Some of the reasons people add cottage cheese to their companion’s diet are the calcium and protein content as well as being low fat. Not that I recommend feeding kibble or wet canned food, but if you are feeding any kind of balanced diet, your companion does not need more calcium. If too much calcium is given this not only offsets the calcium-phosphorus balance but it can lead to many other problems within the body anatomically and physiologically (22, 23). Protein wise, obviously being carnivores, they need protein but in the big picture of quality protein sources, this is not one of them. Our companions need meat, organs, and bones, not a processed dairy product (24, 25, 26). Finally, for human’s cottage cheese may be a good food item for losing weight but low-fat foods are not needed by cats and dogs even those that do need to drop a few pounds. Dogs and cats thrive on moderate to high-fat diets (27, 28). They don’t get high cholesterol like humans (29, 30). In fact, they need fat to stay healthy (31).
As for ice cream, there is little to no health benefits from ice cream. Any that may exist are almost immediately negated by the high sugar content as well as any other additives like cookie pieces, chocolate swirls, sprinkles, and cherries. Your cat nor your dog, heck even you don’t need to be consuming this dairy product.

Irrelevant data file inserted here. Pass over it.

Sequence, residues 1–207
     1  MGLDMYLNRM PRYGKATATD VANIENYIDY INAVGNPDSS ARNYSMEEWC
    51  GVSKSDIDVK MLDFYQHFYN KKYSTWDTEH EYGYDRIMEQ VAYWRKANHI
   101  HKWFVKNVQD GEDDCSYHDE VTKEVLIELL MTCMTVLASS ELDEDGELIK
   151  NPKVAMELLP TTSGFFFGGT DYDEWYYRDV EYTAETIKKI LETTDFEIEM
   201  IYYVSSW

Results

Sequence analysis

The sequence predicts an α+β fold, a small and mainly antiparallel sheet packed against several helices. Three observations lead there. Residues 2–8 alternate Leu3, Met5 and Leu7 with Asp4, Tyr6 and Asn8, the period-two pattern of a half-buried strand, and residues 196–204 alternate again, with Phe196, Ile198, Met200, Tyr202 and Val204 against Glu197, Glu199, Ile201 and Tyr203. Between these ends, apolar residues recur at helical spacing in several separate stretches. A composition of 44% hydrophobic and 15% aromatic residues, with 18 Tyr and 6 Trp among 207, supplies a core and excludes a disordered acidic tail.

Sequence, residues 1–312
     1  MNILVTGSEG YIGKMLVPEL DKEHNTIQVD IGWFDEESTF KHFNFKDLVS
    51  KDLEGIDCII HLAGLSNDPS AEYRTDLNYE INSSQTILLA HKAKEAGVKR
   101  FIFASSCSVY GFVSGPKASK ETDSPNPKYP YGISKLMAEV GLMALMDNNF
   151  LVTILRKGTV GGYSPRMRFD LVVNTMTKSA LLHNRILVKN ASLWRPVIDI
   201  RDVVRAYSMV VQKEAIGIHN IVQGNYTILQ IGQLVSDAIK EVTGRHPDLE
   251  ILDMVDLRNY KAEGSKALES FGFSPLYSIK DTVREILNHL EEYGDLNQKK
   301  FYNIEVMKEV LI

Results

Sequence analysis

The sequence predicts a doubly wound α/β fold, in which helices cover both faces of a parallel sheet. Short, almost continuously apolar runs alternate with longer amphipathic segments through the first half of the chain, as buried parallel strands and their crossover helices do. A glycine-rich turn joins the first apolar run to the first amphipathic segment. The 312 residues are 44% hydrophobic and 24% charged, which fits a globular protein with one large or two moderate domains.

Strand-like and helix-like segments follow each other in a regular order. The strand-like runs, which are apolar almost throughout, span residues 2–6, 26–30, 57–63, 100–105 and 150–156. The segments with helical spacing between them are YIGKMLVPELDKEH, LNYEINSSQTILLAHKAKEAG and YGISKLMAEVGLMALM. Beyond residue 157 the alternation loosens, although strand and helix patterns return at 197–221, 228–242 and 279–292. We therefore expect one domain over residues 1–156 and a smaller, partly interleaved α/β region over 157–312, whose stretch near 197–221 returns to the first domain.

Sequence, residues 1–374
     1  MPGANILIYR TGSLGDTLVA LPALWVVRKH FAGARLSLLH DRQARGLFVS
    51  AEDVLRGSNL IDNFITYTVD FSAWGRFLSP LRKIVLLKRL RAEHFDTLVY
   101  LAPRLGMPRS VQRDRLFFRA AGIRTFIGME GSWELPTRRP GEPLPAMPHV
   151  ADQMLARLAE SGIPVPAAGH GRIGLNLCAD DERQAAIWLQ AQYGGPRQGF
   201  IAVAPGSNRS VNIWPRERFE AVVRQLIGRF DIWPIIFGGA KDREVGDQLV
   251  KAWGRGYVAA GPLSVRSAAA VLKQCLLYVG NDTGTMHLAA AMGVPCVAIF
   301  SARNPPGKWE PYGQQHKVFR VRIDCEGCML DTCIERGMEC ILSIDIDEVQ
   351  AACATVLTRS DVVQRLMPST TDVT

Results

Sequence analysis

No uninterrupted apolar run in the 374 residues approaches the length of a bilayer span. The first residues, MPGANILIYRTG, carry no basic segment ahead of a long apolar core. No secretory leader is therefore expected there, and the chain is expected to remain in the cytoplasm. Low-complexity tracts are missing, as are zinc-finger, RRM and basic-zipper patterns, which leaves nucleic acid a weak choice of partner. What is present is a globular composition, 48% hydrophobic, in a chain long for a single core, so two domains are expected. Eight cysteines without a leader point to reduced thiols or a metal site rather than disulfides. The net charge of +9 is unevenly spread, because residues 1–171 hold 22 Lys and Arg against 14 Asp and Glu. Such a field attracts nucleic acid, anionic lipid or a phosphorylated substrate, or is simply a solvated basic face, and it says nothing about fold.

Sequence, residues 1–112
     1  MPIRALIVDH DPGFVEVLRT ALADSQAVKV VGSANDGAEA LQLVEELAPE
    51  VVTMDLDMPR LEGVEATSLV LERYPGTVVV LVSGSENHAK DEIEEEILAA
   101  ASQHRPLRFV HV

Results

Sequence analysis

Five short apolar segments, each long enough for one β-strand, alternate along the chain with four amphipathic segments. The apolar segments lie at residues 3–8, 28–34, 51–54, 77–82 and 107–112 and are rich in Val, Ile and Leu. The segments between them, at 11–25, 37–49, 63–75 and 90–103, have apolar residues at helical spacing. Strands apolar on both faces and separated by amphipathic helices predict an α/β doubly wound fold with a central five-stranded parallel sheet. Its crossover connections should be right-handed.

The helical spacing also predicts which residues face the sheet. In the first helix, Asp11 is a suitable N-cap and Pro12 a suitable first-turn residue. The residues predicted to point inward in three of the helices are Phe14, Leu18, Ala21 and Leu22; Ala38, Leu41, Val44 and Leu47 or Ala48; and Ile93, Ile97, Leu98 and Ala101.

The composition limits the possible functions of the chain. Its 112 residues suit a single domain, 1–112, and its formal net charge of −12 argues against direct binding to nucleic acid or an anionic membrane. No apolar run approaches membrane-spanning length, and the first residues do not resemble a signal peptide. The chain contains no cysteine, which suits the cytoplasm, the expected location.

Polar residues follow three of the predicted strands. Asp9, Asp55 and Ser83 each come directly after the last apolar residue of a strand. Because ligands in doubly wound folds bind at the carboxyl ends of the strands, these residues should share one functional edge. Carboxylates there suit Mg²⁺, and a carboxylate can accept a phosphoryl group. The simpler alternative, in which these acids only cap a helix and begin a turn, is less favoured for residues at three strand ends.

Cheese such as parmesan cheese may be suggested to sprinkle on top of raw meals to entice animals to eat but most cheeses are not appropriate on a regular basis. Just like cottage cheese, cheese is high in sodium and is a processed dairy product. It does contain high levels of calcium and protein but again if you are feeding a balanced diet there is no need to add additional calcium. Furthermore, protein from a processed dairy product is not on the same level as quality animal proteins from meats and organs. Although some cheeses contain less lactose (32) never the less some cheeses cause diarrhea where others cause constipation (33).
While your companion may not be lactose intolerant, providing dairy as a source for calcium, protein or probiotics is not the way to go. Anatomically our cats and dogs are designed to consume and break down lactose from their mothers’ milk as infants but as they grow into adulthood this ability is greatly reduced to a bare minimum level. Therefore, it is taxing to the body to provide not only the milk of another animal but also processed dairy products including cheese, ice cream, cottage cheese, yogurt, and milk.